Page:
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Thread: Scientific justification of CYA/FC recommended levels

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    Scientific justification of CYA/FC recommended levels

    Is there a rough scientific explanation for the minimum (7.5% CYA) and maximum (11.5% CYA) FC levels recommended here or are they based on experience?

    I mean, I understand that HOCl is approximately 0.3*(FC/CYA) but how do we know how much HOCl is considered sufficient?

    I apologize if that has been covered before but I could not find anything in my little search....

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    Re: Scientific justification of CYA/FC recommended levels

    I know there are scholarly articles and peer reviewed papers detailing the relationship. I'm sure an expert will chime in soon with the location.

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    Re: Scientific justification of CYA/FC recommended levels

    The HOCl number is based primarily on experience, but then backed up with some papers. Ben Powell and Richard Faulk (chem geek) put a lot of work in to zeroing in on the most accurate numbers based on both math and real world experience.

    Here is chem geek's comprehensive post on this specific subject: Pool Water Chemistry

    One of our resident chemical experts can chime in with more specific answers, but I think that post is the best place to start.
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    Re: Scientific justification of CYA/FC recommended levels

    here is another link in addition to what Donaldson posted.
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    Re: Scientific justification of CYA/FC recommended levels

    i recommend you search out and read chem geek's links. i'm sure some of his posts have addressed an issue like this before. in my humble opinion, he is the resident expert in all things chemical.

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    Re: Scientific justification of CYA/FC recommended levels

    The basis of the FC/CYA relationship is very simple and covered in detail in many of the threads linked to in the previous posts. Basically, you need enough hypochlorous acid (HOCl) concentration in the water to satisfy the CT kill rates for various waterborne pathogens (although algae isn't really considered a "pathogen" but a nuisance). Your kill rates have to be faster than the ability of the colony forming unit (CFU) or individual microbe to reproduce itself. Most CT kill rates are reported as the number of Log reductions in CFUs or pathogen count per unit of time. So if a specific concentration of hypochlorous acid has a 6-log reduction in say 2 mins of exposure, then that means that 99.9999% of the pathogens were destroyed. Again, your rate of inactivation has to be greater than the pathogen's intrinsic rate of reproduction (typically measured as a time to double their numbers) in order to keep the water clean.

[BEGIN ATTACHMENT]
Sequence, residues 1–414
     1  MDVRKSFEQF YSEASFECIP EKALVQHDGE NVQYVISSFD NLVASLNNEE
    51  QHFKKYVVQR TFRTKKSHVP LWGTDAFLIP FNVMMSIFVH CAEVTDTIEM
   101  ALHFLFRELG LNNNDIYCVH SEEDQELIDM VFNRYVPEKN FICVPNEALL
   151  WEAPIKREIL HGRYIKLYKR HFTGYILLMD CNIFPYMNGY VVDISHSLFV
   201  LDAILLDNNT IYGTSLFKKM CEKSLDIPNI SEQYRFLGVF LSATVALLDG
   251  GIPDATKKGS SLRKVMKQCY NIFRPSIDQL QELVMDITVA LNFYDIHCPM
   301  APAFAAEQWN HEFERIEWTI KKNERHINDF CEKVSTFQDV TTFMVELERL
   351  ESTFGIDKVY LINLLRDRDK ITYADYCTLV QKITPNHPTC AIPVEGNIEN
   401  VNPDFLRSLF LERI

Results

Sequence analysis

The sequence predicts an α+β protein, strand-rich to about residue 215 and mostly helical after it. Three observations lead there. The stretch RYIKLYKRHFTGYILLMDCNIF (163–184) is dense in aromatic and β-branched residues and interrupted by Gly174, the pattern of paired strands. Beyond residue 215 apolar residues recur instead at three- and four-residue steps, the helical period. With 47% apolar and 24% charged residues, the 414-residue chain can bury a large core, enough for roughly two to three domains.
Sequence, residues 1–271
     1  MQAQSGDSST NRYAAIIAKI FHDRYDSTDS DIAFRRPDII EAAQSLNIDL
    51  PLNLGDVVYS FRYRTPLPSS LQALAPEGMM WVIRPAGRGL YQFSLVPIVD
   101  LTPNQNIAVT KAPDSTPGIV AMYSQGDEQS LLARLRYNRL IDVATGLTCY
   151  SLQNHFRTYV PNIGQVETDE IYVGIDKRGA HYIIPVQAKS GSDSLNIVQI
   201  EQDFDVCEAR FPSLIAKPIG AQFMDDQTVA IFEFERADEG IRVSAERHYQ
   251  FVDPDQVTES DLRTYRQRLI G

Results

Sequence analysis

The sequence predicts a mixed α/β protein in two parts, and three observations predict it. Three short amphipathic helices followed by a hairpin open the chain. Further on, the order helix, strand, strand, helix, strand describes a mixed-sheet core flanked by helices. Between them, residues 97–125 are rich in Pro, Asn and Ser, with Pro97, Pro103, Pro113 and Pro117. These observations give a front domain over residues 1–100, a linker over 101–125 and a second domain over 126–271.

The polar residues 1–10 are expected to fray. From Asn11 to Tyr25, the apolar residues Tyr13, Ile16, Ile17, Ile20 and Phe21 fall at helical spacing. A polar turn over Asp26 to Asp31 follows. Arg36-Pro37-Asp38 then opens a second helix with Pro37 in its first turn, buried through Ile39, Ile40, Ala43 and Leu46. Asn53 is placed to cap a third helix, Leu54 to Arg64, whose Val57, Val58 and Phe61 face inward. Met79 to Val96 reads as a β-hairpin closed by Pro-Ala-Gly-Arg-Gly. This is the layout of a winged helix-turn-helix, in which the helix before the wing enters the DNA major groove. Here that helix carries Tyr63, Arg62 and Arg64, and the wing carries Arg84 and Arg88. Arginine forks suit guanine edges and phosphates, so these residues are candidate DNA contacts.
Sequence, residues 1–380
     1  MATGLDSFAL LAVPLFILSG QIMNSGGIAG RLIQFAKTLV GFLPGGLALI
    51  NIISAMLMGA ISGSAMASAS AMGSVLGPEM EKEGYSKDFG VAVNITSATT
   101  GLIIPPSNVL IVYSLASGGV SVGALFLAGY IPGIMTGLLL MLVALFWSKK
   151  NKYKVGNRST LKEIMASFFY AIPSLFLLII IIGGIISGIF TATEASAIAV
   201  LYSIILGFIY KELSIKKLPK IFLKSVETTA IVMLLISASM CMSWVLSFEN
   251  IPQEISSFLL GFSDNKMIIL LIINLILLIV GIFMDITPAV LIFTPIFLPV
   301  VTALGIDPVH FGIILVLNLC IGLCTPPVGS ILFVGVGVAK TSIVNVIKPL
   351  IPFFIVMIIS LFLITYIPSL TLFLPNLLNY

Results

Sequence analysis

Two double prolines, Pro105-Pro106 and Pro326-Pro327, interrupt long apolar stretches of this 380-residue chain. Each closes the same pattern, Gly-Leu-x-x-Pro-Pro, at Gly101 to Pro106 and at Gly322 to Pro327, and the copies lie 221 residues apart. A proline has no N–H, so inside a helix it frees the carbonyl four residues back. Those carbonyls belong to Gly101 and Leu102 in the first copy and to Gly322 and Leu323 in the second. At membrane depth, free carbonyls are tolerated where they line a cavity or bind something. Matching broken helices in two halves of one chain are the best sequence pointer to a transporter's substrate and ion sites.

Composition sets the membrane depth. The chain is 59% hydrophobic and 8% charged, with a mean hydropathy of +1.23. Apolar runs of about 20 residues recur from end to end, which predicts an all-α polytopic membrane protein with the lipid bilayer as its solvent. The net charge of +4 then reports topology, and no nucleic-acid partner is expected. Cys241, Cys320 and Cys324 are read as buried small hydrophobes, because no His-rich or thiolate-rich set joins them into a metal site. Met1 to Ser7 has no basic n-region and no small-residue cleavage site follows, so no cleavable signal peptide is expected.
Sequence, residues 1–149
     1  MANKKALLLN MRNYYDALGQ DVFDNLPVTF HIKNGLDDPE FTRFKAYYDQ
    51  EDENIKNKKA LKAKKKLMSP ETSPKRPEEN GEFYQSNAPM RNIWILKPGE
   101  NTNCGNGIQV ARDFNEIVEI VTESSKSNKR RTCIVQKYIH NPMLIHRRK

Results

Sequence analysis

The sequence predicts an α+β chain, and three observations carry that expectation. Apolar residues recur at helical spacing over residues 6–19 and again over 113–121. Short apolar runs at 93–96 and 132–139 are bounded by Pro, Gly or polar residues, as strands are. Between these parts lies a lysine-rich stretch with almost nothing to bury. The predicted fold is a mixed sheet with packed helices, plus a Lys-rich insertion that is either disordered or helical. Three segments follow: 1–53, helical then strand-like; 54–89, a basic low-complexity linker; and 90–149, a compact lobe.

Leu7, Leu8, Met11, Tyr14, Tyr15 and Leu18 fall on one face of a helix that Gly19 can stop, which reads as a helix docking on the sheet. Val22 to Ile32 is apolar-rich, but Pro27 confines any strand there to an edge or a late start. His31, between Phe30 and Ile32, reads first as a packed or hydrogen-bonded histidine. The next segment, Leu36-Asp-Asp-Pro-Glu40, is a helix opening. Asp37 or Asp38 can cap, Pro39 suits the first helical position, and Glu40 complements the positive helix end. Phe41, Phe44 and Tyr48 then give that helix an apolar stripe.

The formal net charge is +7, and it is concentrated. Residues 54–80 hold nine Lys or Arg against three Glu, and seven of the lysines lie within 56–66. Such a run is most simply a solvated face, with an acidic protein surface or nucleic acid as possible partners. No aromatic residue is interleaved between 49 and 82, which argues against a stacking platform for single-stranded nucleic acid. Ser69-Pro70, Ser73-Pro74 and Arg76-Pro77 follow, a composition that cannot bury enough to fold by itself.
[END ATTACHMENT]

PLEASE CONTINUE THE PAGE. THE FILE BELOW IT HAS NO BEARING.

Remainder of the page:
Ben Powell ("PoolDoc" at the The Pool Forum) used his long time experience with commercial pool management and service to figure out the rough amounts of FC needed for specific CYA levels to maintain a "clean" pool. Richard Falk ("chem geek" here and on many other forums) used that data as a starting point and scoured CDC, EPA and other sources of biological science papers on pathogen kill rates for chlorine as well as calculated the chemical equilibrium reactions between chlorine, water and cyanuric acid. This led to a determination of the threshold disinfection level of ~ 0.01ppm HOCl for bacteria and ~0.05ppm for algae. Once you know that level, you can then back-calculate the amount of CYA and FC needed to achieve it. A ratio of 7.5% FC/CYA gives you roughly the correct amount of HOCl needed to maintain clean water. However, given the daily loss of FC to sunlight and oxidation of organics, one should target 11.5% FC/CYA to be safe. The other ratios of FC/CYA are what are considered shock levels of chlorine.
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